On June 2, 2008, Standard & Poor’s announced that it was downgrading the credit ratings of Lehman Brothers and Merrill Lynch to A from A+ and Morgan Stanley to A+ from AA-.. (Michael Patterson, 2008)

In June 2008 Lehman shocked investors by reporting its first ever quarterly loss. Fitch, lowered Lehman’s long term debt rating to A+ from AA-, and Moody’s lowered its outlook for the firm to negative (Rose, Ahuja, 2011)

On September 7th, after the Government rescued Freddie Mac and Fannie Mae and Lehman announced a large third quarter loss three days later, the bank began to have pronounced liquidity problems. That weekend, after exhausting private sector solutions, the government made it clear that no public money would flow to Lehman. Lehman Brothers Holdings, Inc. filed for bankruptcy. (Ryback, 2010)


Analyze and describe the motivation of the company’s mangers that allowed or created misleading financial statements or engaged in unethical practices in order to influence the company’s stock price.

There are lots of examples we can pull out from different references. We are going to illustrate couple examples of what Lehman did unethically.

On May 21 2008, David Einhorn, the co-founder and President of hedge fund Greenlight Capital, raised questions about Lehman and announced that his firm had a short position in Lehman’s stock. He went into greater detail about his view that its equity was overvalued. (David Einhorn, 2008) Among Einhorn’s most significant concerns about Lehman’s financial conditions were:

CDOs For the first time Lehman had disclosed a position of $6.5 billion of CDO exposure, which they had apparently been carrying for some time. Lehman’s exposure was revealed in a footnote to a table in the 10-Q; a similar table in the earnings release on March 18 did not carry the footnote or reference CDOs.
Write-downs Lehman had taken a $200 million write down on the value of its CDOs in the quarter, which. Einhorn was also troubled by a gain of $722 million in the value of the equity related Level III assets. Real Estate Investment Trust called Archstone-Smith, had been written down by an undisclosed amount.
Accounting error In the earnings release on March 18, Lehman valued its Level III assets at $38.9 billion, after taking a write down of $875 million. In the first quarter 10-Q filed on April 8, the end of the quarter value of Level III assets was $40.2 billion, not the $38.9 billion CFO had reported on the earnings call. In addition, the loss of $875 million reported on the call had become a gain of $228 million, a swing of $1.1 billion.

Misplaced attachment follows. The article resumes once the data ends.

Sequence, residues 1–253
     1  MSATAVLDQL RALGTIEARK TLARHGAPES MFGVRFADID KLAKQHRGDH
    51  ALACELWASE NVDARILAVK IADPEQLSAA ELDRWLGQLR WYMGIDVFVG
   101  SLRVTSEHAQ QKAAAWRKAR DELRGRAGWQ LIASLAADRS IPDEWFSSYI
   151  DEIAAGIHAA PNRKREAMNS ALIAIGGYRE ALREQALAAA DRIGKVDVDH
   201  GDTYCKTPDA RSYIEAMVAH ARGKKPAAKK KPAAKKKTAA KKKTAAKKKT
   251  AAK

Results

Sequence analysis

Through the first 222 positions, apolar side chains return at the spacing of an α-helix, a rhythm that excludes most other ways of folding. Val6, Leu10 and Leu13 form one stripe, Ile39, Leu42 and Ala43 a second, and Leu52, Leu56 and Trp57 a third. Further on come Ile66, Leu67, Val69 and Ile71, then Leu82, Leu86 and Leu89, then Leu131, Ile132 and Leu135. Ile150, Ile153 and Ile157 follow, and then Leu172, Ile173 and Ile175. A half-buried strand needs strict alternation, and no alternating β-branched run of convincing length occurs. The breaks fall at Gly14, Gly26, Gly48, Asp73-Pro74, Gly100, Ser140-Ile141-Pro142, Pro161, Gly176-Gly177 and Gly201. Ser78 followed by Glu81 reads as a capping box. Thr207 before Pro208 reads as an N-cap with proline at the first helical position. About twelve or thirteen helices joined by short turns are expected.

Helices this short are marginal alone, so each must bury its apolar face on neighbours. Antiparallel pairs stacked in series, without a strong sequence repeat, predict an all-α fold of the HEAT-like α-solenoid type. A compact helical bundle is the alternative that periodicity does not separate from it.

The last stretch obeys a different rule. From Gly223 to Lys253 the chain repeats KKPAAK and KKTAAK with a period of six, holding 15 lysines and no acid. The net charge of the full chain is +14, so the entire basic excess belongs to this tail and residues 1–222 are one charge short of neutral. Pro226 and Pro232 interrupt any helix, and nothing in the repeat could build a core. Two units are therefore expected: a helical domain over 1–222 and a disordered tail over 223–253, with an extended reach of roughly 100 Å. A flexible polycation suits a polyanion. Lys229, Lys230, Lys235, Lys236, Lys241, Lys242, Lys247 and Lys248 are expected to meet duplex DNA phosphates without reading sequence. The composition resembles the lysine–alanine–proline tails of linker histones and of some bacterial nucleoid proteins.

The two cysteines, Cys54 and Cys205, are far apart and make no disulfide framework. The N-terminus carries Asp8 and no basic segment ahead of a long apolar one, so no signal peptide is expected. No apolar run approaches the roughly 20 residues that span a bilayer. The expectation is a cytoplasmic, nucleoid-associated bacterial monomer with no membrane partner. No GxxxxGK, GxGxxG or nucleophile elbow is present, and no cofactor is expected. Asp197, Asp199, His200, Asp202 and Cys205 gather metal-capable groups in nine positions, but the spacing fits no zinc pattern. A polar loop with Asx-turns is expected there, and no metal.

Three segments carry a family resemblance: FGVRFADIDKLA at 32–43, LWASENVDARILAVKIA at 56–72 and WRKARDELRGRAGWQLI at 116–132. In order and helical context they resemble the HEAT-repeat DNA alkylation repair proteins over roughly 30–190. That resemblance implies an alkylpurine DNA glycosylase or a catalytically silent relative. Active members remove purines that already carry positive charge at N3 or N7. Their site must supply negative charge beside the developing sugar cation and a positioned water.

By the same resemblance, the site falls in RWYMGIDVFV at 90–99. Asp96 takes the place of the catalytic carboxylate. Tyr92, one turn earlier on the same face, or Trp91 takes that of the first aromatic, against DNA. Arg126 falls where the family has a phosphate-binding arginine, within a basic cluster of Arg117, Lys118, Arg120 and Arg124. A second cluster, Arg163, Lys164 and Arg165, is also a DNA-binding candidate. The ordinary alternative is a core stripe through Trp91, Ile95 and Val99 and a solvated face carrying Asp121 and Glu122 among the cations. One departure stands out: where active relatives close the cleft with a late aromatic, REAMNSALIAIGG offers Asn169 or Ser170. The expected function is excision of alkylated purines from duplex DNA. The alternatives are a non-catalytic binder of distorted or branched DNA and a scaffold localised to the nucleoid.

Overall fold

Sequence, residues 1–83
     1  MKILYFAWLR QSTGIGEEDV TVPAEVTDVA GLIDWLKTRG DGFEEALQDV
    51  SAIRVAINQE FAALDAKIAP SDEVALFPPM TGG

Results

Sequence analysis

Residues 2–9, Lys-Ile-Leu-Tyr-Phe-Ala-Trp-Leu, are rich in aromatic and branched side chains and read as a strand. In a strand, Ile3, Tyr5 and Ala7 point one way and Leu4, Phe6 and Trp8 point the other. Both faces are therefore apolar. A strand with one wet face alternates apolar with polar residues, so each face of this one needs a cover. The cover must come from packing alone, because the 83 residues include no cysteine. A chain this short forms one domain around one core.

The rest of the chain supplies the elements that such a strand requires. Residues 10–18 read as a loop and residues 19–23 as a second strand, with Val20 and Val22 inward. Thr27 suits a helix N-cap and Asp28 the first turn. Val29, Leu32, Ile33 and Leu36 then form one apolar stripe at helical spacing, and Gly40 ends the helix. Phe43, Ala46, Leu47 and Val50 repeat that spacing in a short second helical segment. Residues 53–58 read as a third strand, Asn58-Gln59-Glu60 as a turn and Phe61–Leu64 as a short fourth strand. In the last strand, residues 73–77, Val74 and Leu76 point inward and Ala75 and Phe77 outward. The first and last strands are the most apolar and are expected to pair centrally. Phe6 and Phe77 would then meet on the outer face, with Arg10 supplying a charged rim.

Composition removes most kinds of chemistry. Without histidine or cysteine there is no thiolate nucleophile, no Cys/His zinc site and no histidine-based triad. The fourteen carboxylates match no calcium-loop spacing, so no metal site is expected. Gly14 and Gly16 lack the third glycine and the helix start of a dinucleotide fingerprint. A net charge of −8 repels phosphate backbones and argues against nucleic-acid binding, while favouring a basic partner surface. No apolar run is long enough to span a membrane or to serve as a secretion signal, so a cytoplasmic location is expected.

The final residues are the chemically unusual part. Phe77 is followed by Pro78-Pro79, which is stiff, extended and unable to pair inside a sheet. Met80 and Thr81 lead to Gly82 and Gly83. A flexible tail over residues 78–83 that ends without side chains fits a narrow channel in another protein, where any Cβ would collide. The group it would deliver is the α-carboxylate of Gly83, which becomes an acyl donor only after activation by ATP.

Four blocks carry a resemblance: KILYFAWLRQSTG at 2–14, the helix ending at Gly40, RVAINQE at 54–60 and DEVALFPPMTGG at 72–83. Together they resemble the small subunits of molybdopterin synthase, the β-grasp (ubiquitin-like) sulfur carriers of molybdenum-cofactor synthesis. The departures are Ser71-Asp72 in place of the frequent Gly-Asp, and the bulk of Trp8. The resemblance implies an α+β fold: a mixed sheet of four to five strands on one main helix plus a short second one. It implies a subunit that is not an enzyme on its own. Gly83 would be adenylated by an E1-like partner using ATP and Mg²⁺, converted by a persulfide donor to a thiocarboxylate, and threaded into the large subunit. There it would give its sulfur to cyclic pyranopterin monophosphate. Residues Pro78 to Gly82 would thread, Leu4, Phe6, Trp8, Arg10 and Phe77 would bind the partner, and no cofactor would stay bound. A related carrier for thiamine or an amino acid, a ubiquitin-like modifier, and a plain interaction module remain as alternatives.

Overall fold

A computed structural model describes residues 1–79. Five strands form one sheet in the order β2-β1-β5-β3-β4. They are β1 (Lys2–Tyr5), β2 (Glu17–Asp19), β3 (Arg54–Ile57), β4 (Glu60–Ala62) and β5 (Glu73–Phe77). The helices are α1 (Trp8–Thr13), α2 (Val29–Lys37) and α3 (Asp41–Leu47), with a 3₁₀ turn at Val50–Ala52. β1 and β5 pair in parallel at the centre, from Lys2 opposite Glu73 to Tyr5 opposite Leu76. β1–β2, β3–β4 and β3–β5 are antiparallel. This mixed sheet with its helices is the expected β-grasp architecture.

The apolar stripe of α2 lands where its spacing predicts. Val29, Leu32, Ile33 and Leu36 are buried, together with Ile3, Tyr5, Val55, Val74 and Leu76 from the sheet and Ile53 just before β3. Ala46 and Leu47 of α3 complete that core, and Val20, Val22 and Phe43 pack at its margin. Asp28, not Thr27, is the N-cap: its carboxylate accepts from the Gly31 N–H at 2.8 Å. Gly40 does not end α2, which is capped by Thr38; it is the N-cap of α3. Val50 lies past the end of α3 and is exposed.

Einhorn said that in his call with Lehman Brother’s CFO, Callan. She denied all these problems had occurred. On the other hand Einhorn was criticized back by Lehman for selectively using and misconstruing information, as well as by Wall Street analysts. (Louise Story, 2008)


In general we had assumed that the collapse of Lehman in September 2008 was the consequence of a fatal combination of intricate accounting rules, complex derivatives, greed, excessive leverage and the complacency of rating agencies. It was also the trigger for a chain reaction across other financial institutions which suffered from the panic and liquidity freeze that followed. (Arturo Bris, 2010)

The report shows similarities between the collapses of Enron in 2001 and Lehman Brothers in 2008. Lehman’s pre-pay transaction is the Repo 105, a fascinating term that fools analysts and investors. Lehman Brothers managed to reduce leverage on the right-hand side of the balance sheet and, at the same time, reduce assets (some of them undesirable) on the left-hand side. Repo 105 transactions doubled between late 2006 and May 2008, were known inside the company, exceeded the firm’s self-imposed limits and typically happened at the end of each quarter, when financial information had to be released.

Magically, Lehman Brothers used repos reportedly for financing reasons, but accounted for them as asset disposals. In that way (with no transfer of the underlying security), Lehman circumvented the two problems mentioned and used the repo proceeds to reduce its leverage right before the disclosure period. These repo proceeds amounted to about $50 billion by September 2008